Negotiations for a peaceful resolution of the conflict failed, and British troops intervened in March 1969. British rule was restored and a temporary commissioner was installed. Subsequently, the Anguilla Act of July 1971 placed the island directly under British control. A new constitution in 1976 gave the island a ministerial system of government and provided a larger measure of internal autonomy under the Crown. In 1980 Anguilla formally became a dependent territory (from 2002, overseas territory) of the United Kingdom, and a new constitution became effective in 1982; it was amended in 1990. Anguilla has developed into a stable parliamentary democracy with a growing economy, a consequence of massive injections of foreign capital, mainly from the United States, during the early years of the 21st century.

People of Anguilla

The majority of the population of Anguilla is of African descent. English is the official language. Most of the population is Christian, and the main religious denominations are Anglican and Methodist. The island has experienced steady population growth, and Anguillans live relatively long lives.

Cultural Life of Anguilla

Cultural milieu
The evolution of Anguilla’s society was, as elsewhere in the Caribbean, a legacy of plantation sugar and slavery, although conditions in Anguilla were somewhat anomalous for the region. The island’s thin soil and inadequate rainfall adversely affected the quantity and quality of its sugar crop; these factors made production less profitable than on other Caribbean islands, where large areas of fertile soil and adequate rainfall created lucrative sugar plantations that evolved into societies with a large labouring class. On those islands, after emancipation was declared in the British and French colonies in the first half of the 19th century, the plantation remained the dominant economic and social institution. Most of the ex-slaves were left landless and dependent on wage labour for a large portion of their incomes. On Anguilla, however, once the slaves were emancipated, the European-descended planters migrated elsewhere, and their lands were either taken over or bought by the ex-slaves. Thereafter, Anguilla evolved into a society of small farmers, sailors, and fishermen with much personal independence.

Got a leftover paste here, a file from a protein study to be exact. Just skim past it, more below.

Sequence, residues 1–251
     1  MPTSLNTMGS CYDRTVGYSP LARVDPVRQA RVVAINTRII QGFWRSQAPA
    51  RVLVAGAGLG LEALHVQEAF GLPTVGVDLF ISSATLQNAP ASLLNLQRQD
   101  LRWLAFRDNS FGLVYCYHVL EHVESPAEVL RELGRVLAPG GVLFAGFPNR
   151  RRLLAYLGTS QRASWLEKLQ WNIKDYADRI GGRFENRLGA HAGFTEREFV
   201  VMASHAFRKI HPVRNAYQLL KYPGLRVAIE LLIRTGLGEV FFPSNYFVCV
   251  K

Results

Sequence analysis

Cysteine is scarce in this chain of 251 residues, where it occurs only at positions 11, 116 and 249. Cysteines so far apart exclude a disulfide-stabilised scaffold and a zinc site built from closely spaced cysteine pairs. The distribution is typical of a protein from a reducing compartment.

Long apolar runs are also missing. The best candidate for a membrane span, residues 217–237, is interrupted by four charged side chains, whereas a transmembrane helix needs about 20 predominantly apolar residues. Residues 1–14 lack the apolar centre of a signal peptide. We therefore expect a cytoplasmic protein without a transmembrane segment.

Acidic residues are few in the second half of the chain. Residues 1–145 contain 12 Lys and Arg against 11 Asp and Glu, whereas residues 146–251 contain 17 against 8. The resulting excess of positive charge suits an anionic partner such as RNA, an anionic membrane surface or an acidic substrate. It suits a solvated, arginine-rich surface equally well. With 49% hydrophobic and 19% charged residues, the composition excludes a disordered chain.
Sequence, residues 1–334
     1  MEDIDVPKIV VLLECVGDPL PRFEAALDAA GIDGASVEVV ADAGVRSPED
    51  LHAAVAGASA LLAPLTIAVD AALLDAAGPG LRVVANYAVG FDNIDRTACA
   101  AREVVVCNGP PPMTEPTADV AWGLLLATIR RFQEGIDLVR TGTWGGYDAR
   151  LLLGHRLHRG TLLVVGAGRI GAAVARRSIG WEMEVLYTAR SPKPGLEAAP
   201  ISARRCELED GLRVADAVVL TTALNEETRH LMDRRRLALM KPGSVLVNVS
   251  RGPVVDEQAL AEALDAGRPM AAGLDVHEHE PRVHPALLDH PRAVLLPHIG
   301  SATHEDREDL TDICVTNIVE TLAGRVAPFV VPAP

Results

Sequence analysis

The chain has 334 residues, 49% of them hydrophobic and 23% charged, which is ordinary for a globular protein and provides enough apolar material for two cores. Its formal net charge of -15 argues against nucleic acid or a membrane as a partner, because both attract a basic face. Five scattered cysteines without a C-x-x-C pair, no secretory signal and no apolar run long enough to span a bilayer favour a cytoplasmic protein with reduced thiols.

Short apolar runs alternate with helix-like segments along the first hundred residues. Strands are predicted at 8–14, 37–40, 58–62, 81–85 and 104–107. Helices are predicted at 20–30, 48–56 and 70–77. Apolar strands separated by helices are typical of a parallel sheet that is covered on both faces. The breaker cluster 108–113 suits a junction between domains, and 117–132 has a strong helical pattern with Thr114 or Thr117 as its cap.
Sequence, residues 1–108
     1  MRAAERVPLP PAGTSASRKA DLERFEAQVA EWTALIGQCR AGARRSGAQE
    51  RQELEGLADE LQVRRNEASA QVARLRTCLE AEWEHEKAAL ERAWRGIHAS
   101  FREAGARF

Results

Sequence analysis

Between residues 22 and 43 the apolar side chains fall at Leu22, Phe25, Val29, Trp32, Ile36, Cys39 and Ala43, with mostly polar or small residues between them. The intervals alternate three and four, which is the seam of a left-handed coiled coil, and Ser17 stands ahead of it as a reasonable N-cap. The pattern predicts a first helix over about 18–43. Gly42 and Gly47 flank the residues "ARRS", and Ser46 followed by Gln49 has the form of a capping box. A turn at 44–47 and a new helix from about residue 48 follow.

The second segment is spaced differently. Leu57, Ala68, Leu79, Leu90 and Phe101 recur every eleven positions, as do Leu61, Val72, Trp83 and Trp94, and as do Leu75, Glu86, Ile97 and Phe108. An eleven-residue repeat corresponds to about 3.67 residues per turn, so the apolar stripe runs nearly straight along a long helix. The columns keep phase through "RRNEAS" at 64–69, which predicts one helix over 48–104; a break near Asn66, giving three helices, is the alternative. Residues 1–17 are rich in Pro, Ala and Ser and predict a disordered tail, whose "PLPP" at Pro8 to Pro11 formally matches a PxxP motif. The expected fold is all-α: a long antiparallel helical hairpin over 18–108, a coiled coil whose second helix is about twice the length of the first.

Anguilla’s smallness, in terms of both its geographical area and population, contributed to the creation of a close-knit society. Indeed, Anguillans are renowned for their habit of greeting other people, whether they know them or not, either verbally or by at least raising a hand in salutation.

Daily life and social customs
The day-to-day life of Anguilla’s people is similar to that of North Americans. Presumably this is a consequence of the island’s close proximity to the United States (and its Caribbean territories) and of the heavy dependence of the Anguillan economy on U.S. tourists. The impact of the United States’s cultural influence is reinforced by the prevalence of American music, television, and other media. Computer use is relatively widespread in businesses, schools, and homes. A significant number of people are computer literate and have access to Internet services. Cellular phones are popular among the young and middle-aged.

Family ties in Anguilla tend to be strong. Even though the nuclear family is dominant, single-parent families are common, generally headed by a mother and, on average, comprising two or three children. As mothers have become more economically active during the late 20th and early 21st centuries, their younger children have been either left under the care of older siblings or, in the case of wealthier mothers, placed in day-care centres. The extended role of mothers has changed the pattern and significance of traditional family meals. Dining arrangements are scattered. The main meal, consisting of some form of meat, along with peas and rice (a staple dish) and vegetables, is usually cooked early in the morning, and family members eat when it is convenient.

Cultural institutions
The island’s cultural showpiece is the annual Summer Festival, or Carnival, which takes place in late July–early August. Its main events include beauty pageants, a Calypso Monarch competition, musical performances, and a Parade of Troupes, in which costumed teams of dancers perform in the streets. The Summer Festival is a cultural potpourri highlighting the art, artistry, innovation, and imagination of the people. Holidays that involve notable public festivities include Anguilla Day (May 30, commemorating the high point of the 1967 revolution in which Anguilla severed its constitutional ties with Saint Kitts), August Monday (the first Monday in August, celebrated as a holiday marking the emancipation of the slaves in the former British Caribbean), August Thursday (the traditional boat-racing holiday following August Monday), and Boxing Day.

Explore the Islands

The Valley
It is the home of government and commerce, the Clayton J. Lloyd International Airport, and the Anguilla Tourist Board. Here you will also find the island’s only surviving plantation house, the beautifully restored Wallblake House, built in 1785, offers a glimpse into Anguilla’s colonial heritage.

On the road to Crocus Hill is the area of town that Anguillians refer to as The Old Valley. Here there are a number of architectural examples from Anguilla’s history — Ebenezer’s Methodist Church, Miss Marjorie’s House, The Warden’s Place, Rose Cottage, and other graceful buildings, all a reminder of Anguilla’s beautiful past.

The legendary Lloyds B&B, in operation since the 1950’s, a selection of Charming Escapes, and the luxury villa resort CeBlue overlooking Crocus Bay are all situated in and around The Valley.

Adventure tours of Anguilla